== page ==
ST. PETERSBURG Four Tampa Bay mayors were questioned Wednesday about how the region should react to climate change.
They all spoke about transportation.
How many people took the bus to St. Petersburg today? Ken Welch, the Mayor of St. Petersburg, asked for a banquet hall filled with engineers, planners and government staffers.
No one raised a finger.
I didnt either, Welch said. He pointed out that cars powered by gas create fossil fuel emissions which heat the planet.
It all comes back to transportation and buildings, stated Clearwater Mayor Frank Hibbard. Here is where we produce the majority of our greenhouse gases.
Jane Castor, the mayor of Tampa, called for a cultural shift. She said that mass transit in Tampa is about more than two people in an automobile. We need to change our mindset.
Woody Brown, Largo Mayor, explained that it is difficult to get people to walk in the sprawling Pinellas County.
The discussion Wednesday of the second day The Tampa Bay Regional Ressiliency Leadership Summit highlighted the fact that efforts to address climate changes in Florida are interwoven with other fundamental, hard to conquer issues.
The state spends hundreds upon millions of dollars to protect its coastlines from sea level rise by funding projects such as stormwater drains upgrades and seawall constructions. Scientists disagree. To reduce global warming, people must decrease their use fossil fuels.
According to the mayors, this will mean reshaping Tampa Bay’s lifestyle.
One possibility is to give up some land that floods frequently. Because of future storms and sea level rise
Welch stated that there will be areas of the city that we shouldn’t rebuild long-term. He also noted that more than 40% of St. Petersburg is located in the Coastal High Hazard Area. This area is at risk of flooding during Category 1 hurricanes.
These concessions are not easy or common. Hibbard indicated that Clearwater’s barrier island are susceptible to flooding. Clearwater Beach, Island Estates, Sand Key and Island Estates only make up about 7 percent of the city’s total territory, but they contribute 40 percent to its tax revenue.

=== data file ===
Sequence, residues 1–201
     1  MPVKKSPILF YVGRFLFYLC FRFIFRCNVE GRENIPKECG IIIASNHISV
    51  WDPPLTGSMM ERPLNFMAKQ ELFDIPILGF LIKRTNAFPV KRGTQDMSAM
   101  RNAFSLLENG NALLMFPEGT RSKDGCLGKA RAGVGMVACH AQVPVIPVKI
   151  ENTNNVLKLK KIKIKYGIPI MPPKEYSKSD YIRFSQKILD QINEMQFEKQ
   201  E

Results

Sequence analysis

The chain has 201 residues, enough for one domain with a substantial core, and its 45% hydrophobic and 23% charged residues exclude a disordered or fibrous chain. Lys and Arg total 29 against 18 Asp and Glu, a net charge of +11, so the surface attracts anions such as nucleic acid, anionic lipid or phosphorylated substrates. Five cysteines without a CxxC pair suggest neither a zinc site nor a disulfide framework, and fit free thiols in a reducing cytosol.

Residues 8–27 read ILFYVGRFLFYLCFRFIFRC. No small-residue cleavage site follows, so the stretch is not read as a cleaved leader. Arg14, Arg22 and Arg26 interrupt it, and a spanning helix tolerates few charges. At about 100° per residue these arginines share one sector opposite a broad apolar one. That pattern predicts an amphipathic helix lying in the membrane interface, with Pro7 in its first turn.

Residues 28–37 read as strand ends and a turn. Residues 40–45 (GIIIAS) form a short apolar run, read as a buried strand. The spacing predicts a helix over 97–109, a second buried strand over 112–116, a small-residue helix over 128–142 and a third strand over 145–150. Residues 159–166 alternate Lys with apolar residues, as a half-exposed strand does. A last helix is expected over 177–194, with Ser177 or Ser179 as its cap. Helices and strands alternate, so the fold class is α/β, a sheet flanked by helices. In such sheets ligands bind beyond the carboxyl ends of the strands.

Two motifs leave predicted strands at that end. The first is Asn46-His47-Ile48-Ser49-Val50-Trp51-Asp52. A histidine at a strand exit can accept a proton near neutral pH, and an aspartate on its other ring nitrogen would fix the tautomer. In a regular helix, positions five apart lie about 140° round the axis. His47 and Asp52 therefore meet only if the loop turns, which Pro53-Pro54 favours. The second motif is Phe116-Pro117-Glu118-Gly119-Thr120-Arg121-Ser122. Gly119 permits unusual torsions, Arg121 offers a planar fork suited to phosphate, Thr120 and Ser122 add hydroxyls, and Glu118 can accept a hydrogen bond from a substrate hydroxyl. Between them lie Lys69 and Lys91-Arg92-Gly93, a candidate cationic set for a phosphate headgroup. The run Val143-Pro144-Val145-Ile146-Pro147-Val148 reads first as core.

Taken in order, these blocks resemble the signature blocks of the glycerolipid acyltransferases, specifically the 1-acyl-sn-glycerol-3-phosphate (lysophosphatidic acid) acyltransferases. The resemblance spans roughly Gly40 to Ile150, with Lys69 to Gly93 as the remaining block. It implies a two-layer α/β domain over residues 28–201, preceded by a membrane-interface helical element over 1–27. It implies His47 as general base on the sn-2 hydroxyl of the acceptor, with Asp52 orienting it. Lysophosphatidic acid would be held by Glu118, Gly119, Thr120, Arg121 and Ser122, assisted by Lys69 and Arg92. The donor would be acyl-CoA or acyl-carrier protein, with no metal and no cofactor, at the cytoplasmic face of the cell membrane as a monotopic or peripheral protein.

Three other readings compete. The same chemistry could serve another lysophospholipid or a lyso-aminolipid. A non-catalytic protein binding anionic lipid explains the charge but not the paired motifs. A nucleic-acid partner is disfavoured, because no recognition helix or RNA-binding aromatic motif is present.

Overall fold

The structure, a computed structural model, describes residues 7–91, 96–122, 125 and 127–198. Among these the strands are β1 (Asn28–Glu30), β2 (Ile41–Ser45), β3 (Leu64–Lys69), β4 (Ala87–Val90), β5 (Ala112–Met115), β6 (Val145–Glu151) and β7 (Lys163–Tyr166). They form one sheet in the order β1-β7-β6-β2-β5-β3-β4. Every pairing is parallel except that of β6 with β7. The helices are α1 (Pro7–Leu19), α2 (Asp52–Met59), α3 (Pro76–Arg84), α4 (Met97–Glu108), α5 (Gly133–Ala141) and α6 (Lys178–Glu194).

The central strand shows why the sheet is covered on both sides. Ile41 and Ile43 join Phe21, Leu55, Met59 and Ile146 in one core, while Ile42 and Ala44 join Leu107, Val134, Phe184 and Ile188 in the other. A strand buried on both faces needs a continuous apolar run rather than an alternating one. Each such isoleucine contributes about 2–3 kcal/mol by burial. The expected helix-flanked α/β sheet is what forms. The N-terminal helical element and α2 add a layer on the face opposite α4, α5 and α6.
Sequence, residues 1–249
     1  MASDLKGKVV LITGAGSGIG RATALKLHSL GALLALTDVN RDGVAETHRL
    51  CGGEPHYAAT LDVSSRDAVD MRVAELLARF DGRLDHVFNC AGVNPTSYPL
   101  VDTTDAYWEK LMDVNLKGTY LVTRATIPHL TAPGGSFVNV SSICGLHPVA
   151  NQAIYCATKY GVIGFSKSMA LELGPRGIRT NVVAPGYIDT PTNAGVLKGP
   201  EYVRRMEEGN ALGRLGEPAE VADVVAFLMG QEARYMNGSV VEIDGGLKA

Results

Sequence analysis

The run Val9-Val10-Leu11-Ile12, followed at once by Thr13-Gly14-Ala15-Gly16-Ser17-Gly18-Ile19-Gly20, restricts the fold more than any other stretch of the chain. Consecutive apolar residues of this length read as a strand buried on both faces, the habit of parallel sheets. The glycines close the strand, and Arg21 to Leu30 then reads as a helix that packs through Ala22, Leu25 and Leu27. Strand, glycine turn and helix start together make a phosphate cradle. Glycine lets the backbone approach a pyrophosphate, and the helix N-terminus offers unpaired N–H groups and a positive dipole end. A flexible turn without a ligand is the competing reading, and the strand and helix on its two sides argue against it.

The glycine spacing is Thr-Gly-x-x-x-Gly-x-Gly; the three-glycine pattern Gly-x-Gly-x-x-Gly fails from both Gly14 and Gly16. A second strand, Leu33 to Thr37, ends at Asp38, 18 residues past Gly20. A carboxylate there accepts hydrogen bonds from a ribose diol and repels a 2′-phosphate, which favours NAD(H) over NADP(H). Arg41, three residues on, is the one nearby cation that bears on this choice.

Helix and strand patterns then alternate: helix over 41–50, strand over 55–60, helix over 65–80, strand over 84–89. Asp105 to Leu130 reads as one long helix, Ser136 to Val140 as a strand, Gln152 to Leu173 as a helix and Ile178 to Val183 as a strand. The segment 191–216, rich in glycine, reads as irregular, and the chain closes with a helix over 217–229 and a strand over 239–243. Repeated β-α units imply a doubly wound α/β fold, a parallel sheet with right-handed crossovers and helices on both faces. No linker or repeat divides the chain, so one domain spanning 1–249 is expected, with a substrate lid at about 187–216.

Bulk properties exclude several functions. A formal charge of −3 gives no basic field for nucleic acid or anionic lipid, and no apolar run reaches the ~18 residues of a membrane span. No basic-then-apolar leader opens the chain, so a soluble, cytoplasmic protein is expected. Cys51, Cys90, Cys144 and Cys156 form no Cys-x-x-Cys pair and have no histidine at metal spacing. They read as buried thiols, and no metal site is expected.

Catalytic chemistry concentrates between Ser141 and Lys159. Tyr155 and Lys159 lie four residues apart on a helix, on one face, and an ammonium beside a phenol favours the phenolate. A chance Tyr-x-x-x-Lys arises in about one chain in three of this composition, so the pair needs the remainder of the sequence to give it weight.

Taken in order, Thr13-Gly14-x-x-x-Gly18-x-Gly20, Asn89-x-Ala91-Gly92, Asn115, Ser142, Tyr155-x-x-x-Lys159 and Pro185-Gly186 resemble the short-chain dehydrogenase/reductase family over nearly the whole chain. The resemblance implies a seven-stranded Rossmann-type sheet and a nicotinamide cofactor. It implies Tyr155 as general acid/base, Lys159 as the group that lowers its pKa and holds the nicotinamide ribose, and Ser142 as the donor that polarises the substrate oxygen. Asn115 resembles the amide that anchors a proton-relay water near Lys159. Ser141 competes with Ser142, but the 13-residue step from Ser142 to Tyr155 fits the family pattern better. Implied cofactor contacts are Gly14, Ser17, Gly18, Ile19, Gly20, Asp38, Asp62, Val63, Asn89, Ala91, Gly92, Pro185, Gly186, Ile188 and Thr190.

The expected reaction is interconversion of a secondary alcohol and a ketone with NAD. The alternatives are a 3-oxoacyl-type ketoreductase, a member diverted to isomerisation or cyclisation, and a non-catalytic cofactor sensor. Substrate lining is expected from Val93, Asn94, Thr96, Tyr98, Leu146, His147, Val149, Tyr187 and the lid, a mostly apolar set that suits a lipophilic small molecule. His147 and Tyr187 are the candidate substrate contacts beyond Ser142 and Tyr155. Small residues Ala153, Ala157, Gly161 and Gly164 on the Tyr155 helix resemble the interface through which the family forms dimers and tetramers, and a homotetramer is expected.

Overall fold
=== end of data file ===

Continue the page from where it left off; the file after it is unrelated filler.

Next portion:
The mayors recommended improving the energy efficiency in public buildings, encouraging more solar energy projects, and purchasing electric cars.
Although climate change is a global issue, its effects are felt at the local level. The United States has seen city and county leaders lead the response to extreme heat and sea level rise, particularly in South Florida.
Castor mentioned plans to place solar panels on top a new city service center and the convention centre in Tampa. Brown said that 56 hybrid vehicles are available to Largos’ police force.
Welch stated that public transportation is still a major obstacle.
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He said that the region needs buses to get people to their destinations in a matter of minutes, even if it is at night or on weekends. We will never catch up if we don’t fund the basic bus service.
Pinellas and Hillsborough have failed to bring more rail and bus services to the bay area with 1-cent sales taxes in the past decade. Pinellas voters rejected a tax, while Hillsborough residents voted for it in 2018. However, the Florida Supreme Court overturned the measure last year.
Hibbard indicated that CSX rail lines cross Pinellas and could transport additional passenger trains. There could be more housing in vacant industrial properties located near the tracks.
He said that we will need pockets with greater density and intensity to make transportation work. Since I arrived in this state in 1979, density has been a dirty term.
Castor stated that transportation is often the largest expense after housing. Castor said that making it easier for people to get around Tampa Bay could reduce emissions. She also suggested that it could make it more affordable to reside here, given the rising rents and high prices.
Castor said that local leaders will need to work more together to attract state- and federal money, as cities have done in Miami-Dade.
She said that we don’t do that in the Tampa Bay area. The mayor later added:
We must look beyond the obvious benefits of Tampa Bay and consider the problems we all face, as they are the same.